When President Barack Obama visited Miami last Friday, few knew what was really on his mind. That morning he had signed an Executive Order authorizing the military to attack the home in Pakistan of Osama bin Laden, leader of Al Qaeda, the terrorist group responsible for launching the deadliest attack against America on Sept. 11, 2001, that killed close to 4,000 people.
The President was in South Florida to deliver the commencement address at the graduation of thousands of students of Miami Dade College, even as Operation Geronimo was swinging into high gear.
MDC students say it’s a lot to comprehend but their praise for Obama has taken an added dimension beyond the courtesy usually extended to a good speaker at graduation time.
Lauren Brown, 25, of Miami Lakes, said her admiration for the President was magnified because of his obvious commitment to students despite the enormity of the actions unfolding a world away.
“He could’ve been at the White House or anywhere else, handling a more important situation, but he took time out of his busy schedule, and he kept his promise because he had already committed to come to our graduation, so it was an honor,” Brown said in an interview on Monday, the day after U.S. Navy SEALS attacked bin Laden’s compound outside of Islamabad, the Pakistani capital, and killed him in what the military said was a firefight.
Juan Mendieta, the college’s director of communications, said he hoped the graduates all felt as Brown did.
“Now that all the information is out, students should really appreciate the fact that he delivered a wonderful speech and was actually at the graduation. This could have easily changed and the President could have cancelled but he stuck to his promise to Miami Dade College students,” Mendieta said in a phone interview Tuesday. “Clearly, his heart was in the speech, he appeared in no way distracted, his passion was there. That speaks to the character of the man that is President Obama. He is grace under pressure.”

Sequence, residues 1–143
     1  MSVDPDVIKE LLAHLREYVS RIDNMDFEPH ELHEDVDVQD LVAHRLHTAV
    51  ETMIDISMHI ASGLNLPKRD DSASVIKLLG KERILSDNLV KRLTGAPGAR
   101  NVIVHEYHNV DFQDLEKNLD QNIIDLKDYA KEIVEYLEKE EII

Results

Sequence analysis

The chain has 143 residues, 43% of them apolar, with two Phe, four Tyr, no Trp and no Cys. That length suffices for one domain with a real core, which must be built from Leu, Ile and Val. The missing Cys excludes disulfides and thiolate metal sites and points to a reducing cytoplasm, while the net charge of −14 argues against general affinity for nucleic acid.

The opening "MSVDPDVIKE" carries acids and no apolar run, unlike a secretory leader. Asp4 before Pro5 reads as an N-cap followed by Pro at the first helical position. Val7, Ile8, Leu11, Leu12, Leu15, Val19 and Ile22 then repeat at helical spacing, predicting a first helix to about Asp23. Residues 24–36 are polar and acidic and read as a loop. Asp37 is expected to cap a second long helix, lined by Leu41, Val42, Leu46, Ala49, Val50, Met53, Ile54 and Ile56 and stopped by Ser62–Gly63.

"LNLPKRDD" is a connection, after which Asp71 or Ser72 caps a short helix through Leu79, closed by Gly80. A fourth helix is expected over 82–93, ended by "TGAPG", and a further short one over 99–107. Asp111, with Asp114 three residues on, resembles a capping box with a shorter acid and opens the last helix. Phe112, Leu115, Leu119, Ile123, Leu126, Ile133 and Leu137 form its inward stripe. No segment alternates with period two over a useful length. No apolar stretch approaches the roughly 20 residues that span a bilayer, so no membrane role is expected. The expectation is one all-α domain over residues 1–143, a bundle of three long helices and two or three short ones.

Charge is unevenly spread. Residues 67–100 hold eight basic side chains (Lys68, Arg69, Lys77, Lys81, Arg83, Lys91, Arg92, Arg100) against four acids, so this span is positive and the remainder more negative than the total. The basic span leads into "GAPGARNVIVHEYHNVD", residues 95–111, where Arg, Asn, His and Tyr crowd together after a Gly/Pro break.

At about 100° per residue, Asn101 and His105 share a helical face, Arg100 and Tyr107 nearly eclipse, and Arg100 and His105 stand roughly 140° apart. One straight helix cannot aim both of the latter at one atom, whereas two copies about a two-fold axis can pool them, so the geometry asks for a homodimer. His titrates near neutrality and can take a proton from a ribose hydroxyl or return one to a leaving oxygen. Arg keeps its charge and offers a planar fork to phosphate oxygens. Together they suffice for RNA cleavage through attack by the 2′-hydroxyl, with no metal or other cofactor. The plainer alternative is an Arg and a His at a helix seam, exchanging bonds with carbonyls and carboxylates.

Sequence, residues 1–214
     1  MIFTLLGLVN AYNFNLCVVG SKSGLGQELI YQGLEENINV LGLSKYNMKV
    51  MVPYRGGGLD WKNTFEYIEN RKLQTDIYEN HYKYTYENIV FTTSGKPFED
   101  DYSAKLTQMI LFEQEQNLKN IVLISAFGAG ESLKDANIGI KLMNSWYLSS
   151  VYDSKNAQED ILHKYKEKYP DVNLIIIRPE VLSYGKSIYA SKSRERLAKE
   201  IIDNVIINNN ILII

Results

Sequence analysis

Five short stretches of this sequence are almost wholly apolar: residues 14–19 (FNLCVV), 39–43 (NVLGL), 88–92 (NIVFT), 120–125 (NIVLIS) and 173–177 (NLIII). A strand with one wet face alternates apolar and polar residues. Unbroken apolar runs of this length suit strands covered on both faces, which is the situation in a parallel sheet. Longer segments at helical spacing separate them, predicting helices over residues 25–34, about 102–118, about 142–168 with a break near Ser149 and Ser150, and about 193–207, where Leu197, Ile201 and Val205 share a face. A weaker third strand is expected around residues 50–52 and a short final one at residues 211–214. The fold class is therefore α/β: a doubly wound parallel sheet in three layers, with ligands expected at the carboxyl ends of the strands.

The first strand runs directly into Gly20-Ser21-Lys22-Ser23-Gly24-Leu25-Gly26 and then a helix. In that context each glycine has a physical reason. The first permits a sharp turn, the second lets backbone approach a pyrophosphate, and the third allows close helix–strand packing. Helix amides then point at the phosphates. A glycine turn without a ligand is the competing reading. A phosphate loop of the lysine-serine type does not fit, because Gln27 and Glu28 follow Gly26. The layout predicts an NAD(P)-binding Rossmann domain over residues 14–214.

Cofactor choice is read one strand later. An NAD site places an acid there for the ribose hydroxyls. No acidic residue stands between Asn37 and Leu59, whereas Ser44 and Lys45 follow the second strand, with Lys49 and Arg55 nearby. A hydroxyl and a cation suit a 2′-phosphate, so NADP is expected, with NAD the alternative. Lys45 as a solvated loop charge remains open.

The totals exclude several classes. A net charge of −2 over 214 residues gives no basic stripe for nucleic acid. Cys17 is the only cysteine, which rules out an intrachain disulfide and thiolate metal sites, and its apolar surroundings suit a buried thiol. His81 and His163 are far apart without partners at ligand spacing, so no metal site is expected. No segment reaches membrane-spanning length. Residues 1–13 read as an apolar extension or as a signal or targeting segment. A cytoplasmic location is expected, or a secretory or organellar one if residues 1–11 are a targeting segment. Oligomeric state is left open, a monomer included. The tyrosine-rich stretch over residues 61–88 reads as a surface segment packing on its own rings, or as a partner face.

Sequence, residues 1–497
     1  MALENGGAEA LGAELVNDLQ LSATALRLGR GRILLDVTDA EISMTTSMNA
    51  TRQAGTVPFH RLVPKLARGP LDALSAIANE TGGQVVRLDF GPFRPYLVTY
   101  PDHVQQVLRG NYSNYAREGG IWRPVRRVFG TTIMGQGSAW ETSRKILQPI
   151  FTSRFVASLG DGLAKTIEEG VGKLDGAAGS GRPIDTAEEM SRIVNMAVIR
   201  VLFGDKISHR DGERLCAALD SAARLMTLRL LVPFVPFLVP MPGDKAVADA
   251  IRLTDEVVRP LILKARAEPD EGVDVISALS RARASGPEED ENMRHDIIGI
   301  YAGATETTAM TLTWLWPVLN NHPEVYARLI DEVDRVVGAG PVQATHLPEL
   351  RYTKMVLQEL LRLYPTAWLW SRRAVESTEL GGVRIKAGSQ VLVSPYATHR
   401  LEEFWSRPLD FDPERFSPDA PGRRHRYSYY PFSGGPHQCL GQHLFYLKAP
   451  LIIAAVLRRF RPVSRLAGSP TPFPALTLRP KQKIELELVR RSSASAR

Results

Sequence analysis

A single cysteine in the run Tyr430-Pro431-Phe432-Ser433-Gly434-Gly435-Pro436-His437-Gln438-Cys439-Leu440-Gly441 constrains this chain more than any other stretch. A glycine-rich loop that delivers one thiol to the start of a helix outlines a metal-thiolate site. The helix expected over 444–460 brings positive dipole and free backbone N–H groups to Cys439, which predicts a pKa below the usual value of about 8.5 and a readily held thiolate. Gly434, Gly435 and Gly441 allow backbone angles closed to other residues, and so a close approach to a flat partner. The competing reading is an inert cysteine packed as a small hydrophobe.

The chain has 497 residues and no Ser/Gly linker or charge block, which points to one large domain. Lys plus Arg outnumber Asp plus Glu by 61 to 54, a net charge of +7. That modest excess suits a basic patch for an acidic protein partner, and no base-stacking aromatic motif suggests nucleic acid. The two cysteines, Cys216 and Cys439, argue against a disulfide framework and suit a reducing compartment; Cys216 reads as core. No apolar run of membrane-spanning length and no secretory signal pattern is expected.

The President took to the stage at the James L. Knight Center in downtown Miami promptly at 7 p.m., after an already full day of activities, visiting tornado-ravaged Alabama and Cape Canaveral, where he was joined by First Lady Michelle Obama and their two daughters to watch a space shuttle launching but the flight was scrubbed due to mechanical concerns.
Upon being introduced, the 5,000-plus standing-room-only crowd at the commencement service greeted Obama like a rock star, with thunderous applause, whistles and chants of “Yes We Can!” recalling his 2008 campaign slogan.
During his roughly half-hour speech, Obama congratulated the diverse student population on making education a priority. He also touted the virtues of immigration reform. He passionately spoke about his own father’s pursuit of an education, writing hundreds of letters to colleges and finally being accepted into the University of Hawaii, where he met his future wife.
The President told the students that he supports the Dream Act, pending legislation that would allow undocumented students who study in the U.S. and have good moral character to obtain legal status. “It makes no sense to expel talented young people from our country. If they are trying to serve in our military or earn a degree, they are contributing to our country and we welcome those contributions,” Obama said.
MDC graduates represented 66 countries, many of them of Hispanic and Haitian origin.
The President was also bestowed with his first honorary associate’s degree by MDC President Eduardo Padron who also presented him with the school’s Presidential Medallion.
Latasha Alexander said Obama made commencement an extraordinary occasion for her and her fellow graduates.
“That was something amazing,” she said after the ceremony. “It was the best graduation I’ve ever been to – from the students, to President Obama, to the parents – it was the best. I loved it.”
Kolei McKinney, 26, agreed the night was historic.
“It was a historical moment that touched the hearts of many of us. It moved many of us in the room,” said the law enforcement major, moments after receiving his diploma in what he described as one of the best nights of his entire life.
Daphne Taylor may be reached at firstname.lastname@example.org.